Okay, the good. This is a strong and unique mystery with many, many twists and turns. The characters are also strongly drawn in a way that fits into the story. I think with some thrillers, this being one of them, the character development is tied in with, if not constrained by, the plot. Howard handles this very well and uses it to the book’s benefit.
So, here was my problem with this book. There is a lot of jumping back and forth in time, which I found a little confusing. But, beyond that, Howard also spends a fair amount of time going back over things that were already presented in the book but from a different viewpoint. Either of these on their own is fine, but I found myself frustrated with both of these narrative techniques. It may be that I was already a bit off-kilter by the subject matter, but I did find myself sometimes confused and sometimes frustrated by it.
Would I recommend this? I think so, but with caveats. Be sure you are okay with reading about the pandemic. Also, be sure you are okay with some of the narrative techniques. If all that sits well with you, give it a try.
In Order to Live: A North Korean Girl’s Journey to Freedom by Yeonmi Park and Maryanne Vollers (audiobook narrated by Eji Kim
Date finished: February 6, 2022
Star rating: 3 stars
I’m torn on this one and, honestly, I’m not sure if my thoughts on it are fair, but here we go.
Yeonmi Park had a harrowing childhood and adolescence in North Korea. She then escaped to China and then South Korea. She tells her story with harrowing detail, some details will never leave me. She did have my attention from the start.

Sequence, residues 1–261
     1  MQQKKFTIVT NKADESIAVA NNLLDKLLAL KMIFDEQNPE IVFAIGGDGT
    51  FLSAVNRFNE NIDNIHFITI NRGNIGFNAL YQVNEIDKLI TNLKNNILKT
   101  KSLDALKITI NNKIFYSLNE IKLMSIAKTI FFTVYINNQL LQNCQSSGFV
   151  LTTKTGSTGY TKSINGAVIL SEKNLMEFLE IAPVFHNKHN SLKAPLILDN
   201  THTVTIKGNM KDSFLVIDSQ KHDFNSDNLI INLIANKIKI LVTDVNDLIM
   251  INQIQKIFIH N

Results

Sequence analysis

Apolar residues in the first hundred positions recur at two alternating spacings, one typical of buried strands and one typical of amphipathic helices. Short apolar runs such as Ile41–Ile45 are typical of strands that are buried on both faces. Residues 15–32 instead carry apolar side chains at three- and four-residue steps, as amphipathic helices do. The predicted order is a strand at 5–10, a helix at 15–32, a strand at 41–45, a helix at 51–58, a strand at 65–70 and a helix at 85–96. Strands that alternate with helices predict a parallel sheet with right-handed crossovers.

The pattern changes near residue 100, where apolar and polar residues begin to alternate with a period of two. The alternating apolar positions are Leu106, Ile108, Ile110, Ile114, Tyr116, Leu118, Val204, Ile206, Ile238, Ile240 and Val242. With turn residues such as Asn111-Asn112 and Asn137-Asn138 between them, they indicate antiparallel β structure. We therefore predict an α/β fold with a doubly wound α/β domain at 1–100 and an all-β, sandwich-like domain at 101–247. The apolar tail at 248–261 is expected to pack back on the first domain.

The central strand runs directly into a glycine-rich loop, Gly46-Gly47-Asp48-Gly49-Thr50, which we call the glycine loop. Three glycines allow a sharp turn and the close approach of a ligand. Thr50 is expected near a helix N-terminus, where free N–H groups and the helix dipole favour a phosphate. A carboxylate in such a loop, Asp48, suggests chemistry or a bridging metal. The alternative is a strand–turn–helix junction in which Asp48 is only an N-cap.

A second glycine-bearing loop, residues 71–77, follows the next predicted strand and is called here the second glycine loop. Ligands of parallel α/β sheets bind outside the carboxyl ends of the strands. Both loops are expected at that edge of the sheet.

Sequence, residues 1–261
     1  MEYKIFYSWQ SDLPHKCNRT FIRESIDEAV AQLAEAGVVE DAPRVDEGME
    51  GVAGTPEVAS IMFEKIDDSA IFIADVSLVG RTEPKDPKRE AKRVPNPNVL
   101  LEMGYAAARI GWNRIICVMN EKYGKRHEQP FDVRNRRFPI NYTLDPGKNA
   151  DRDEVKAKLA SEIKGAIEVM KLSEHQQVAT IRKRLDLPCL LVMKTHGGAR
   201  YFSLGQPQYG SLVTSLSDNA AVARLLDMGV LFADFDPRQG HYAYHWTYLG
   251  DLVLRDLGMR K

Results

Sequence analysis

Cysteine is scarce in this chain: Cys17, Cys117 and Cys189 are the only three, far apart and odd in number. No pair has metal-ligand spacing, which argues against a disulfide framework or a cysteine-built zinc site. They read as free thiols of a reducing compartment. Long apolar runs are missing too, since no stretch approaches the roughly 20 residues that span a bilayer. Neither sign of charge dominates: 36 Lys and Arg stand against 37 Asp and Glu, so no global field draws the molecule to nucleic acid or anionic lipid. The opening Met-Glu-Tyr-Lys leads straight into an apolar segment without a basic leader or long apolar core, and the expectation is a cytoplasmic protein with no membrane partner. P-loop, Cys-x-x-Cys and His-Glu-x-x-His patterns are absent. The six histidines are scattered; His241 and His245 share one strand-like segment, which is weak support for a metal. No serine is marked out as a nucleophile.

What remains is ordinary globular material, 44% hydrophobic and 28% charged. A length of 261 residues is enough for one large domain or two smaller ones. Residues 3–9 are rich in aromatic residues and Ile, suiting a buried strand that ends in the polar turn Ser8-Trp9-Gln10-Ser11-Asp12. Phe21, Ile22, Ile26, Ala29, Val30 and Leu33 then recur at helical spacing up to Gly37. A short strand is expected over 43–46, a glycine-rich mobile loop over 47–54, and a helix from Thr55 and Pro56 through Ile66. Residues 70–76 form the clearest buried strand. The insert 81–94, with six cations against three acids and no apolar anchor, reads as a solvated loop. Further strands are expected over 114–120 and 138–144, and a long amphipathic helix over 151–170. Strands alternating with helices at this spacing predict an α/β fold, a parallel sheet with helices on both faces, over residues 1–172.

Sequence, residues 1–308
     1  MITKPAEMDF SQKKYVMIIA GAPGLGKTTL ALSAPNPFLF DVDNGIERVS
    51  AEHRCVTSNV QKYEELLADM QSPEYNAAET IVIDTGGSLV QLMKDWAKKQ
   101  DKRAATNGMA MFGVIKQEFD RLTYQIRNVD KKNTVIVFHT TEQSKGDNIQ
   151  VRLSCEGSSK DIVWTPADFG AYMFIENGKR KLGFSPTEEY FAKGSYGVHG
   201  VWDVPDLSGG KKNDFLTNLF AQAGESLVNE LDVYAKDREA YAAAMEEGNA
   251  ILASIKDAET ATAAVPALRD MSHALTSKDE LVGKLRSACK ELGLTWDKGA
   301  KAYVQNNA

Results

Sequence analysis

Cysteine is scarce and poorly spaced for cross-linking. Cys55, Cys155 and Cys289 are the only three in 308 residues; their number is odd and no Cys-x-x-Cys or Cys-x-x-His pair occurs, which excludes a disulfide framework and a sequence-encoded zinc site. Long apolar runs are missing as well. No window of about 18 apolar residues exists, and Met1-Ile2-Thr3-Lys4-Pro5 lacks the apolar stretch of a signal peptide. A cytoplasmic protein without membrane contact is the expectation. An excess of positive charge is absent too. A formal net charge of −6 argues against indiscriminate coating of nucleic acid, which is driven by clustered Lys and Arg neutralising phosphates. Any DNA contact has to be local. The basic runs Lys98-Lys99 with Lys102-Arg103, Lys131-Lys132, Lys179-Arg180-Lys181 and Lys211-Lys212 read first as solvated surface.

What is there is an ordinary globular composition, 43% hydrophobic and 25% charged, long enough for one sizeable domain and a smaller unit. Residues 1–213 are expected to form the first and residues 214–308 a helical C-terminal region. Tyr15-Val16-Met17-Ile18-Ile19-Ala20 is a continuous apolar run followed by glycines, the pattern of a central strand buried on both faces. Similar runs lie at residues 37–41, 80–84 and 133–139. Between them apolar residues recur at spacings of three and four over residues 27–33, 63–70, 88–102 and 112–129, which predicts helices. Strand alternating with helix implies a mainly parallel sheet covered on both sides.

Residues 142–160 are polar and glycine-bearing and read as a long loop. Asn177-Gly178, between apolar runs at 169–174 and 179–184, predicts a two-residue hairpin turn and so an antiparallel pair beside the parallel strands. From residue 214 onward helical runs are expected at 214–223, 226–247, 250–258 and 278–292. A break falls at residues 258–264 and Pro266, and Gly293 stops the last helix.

I have this little feeling that I might not believe her, at least not completely. It’s not that anything she said was too hard to believe, but I kept getting caught in little inconsistencies in the story. These were little things about her family’s abject poverty at the same time her father was supposedly a successful black marketer. Honestly, this on its own would have been a completely non-issue.
There comes a part in this book where things went really awry for me. Without going into spoiler detail, it seems like Park is–how should I put this?–very convinced of her own power. It seems like everyone falls in love with her, that she is the savior of every situation, that she is–literally–everyone’s lucky charm. At this point, I really started to question this book.
I struggled with this through the end of the book–where she says something that made me questions everything again. (Sorry, you’ll have to read or listen to the book to know what it is).
I wish that I had confidence in this story and in Park, and I can’t deny that her story is astounding. I’m just not sure how accurate it is.
Last week, I started:
- My Monticello by Jocelyn Nicole Johnson (audio-reread for a book club discussion)
- The Bad Muslim Discount by Syed M. Masood